After twenty years

Most people who know me know that I am a huge fan of the Nitty Gritty Dirt Band, ever since I first heard the lush minor hit they made when I was 13 years old called “Buy For Me The Rain.” I have made it my mission to let people know there’s a lot more to the Nitty Gritty Dirt Band than “Mr. Bojangles.”

“Bojangles,” of course, is their most popular song, their first mega-top-10 song, and the song that still gets played all the time on the oldies stations. And so, when Jerry Jeff Walker — who wrote “Mr. Bojangles” — died the other day, it was a death in the Nitty Gritty Dirt family.

It never has been my favorite NGDB song, although it has a fond place in my heart as the door that opened them to wider recognition. Repetition sometimes diminishes the power of a song, and I’ve heard “Mr. Bojangles” so many times that it’s hard to recall the wonder of hearing the story for the first time — “I met a man, Bojangles, and he’d dance for you …”

But even after 50 years of endless replays, a few lines in the middle stab me in the heart every time:

He spoke through tears of 15 years how his dog and him traveled about. The dog up and died — he up and died. After 20 years he still grieves.

See? Just typing those words again, my eyes teared up and I felt a little lump in my throat. What a powerful image.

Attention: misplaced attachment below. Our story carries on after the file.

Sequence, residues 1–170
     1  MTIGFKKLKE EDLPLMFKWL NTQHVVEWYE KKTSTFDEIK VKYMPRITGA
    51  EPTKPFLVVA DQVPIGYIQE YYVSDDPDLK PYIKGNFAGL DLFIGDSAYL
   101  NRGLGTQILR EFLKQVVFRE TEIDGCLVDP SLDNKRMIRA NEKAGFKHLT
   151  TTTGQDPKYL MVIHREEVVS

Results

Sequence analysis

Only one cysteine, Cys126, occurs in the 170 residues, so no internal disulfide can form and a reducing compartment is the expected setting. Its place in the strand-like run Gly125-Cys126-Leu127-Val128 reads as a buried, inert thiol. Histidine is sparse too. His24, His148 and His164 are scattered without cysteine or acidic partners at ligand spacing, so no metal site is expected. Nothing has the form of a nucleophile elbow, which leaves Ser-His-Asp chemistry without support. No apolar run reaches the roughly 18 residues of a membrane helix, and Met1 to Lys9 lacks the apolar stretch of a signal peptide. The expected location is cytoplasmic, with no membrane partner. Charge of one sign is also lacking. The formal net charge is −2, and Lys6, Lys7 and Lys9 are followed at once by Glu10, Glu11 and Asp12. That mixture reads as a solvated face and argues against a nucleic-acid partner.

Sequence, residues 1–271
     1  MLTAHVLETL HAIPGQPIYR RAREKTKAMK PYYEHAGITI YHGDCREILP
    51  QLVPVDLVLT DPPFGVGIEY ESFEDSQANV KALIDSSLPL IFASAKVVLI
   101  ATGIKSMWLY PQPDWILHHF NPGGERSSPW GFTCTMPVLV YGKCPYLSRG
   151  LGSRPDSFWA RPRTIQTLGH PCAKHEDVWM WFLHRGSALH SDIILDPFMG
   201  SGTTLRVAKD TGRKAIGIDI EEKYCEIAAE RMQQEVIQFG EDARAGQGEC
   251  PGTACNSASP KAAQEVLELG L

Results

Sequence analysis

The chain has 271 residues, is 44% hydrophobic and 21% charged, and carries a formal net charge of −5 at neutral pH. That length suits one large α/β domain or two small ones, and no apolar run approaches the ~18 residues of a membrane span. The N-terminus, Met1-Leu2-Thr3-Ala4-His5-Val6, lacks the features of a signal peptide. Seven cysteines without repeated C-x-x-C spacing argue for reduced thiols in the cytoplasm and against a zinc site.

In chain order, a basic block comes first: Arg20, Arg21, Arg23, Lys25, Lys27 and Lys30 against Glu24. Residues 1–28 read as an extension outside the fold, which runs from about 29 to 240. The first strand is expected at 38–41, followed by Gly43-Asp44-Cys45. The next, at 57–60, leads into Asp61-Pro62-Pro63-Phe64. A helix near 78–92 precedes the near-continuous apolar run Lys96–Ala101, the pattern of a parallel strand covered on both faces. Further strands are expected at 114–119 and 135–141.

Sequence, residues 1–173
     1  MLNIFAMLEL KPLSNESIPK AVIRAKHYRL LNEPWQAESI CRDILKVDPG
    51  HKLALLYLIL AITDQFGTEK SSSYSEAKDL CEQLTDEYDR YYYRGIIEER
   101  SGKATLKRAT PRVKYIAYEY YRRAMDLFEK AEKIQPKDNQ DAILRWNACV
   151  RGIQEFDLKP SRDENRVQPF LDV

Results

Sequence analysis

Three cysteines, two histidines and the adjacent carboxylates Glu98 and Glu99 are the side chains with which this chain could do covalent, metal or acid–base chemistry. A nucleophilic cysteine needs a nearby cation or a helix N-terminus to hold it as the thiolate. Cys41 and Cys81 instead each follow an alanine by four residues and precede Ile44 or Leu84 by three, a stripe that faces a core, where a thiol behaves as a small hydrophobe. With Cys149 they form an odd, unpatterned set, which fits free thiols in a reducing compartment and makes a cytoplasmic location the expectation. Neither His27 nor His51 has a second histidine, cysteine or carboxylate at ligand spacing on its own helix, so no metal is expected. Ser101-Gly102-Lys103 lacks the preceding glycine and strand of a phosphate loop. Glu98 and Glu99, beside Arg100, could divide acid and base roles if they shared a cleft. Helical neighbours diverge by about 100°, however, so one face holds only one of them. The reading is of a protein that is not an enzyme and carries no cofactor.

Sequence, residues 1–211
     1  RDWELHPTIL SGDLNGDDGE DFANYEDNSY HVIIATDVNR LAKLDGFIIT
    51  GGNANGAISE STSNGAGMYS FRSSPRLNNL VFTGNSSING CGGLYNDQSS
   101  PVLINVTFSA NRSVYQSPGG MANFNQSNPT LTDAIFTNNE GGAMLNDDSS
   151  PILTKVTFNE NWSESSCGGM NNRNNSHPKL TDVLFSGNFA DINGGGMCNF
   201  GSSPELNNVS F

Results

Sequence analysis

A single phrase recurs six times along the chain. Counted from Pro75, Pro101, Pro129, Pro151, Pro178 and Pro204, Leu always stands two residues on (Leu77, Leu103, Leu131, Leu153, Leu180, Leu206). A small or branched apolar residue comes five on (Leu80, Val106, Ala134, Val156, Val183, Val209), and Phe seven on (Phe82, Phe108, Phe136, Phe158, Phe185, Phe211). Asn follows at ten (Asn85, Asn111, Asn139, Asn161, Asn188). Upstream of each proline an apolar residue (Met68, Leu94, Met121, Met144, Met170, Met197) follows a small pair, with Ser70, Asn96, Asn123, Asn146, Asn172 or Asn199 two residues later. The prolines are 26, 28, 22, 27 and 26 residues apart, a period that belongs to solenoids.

In 29 words he tells what happened, how deeply he loved that dog, and how the loss of the dog affected the man. I nominate that image for the Hall of Fame of powerful emotional lyrics.

Rest in peace, Mr. Walker.

Published by WarrenBluhm

Wordsmith and podcaster, Warren is a reporter, editor and storyteller who lives near the shores of Green Bay with his wife, a golden retriever named Dejah Thoris Princess of Mars, and Blackberry, an insistent cat. Author of Full, Refuse to be Afraid, Gladness is Infectious, 24 flashes, How to Play a Blue Guitar, Myke Phoenix: The Complete Novelettes, A Bridge at Crossroads, The Imaginary Bomb, A Scream of Consciousness, and The Imaginary Revolution.

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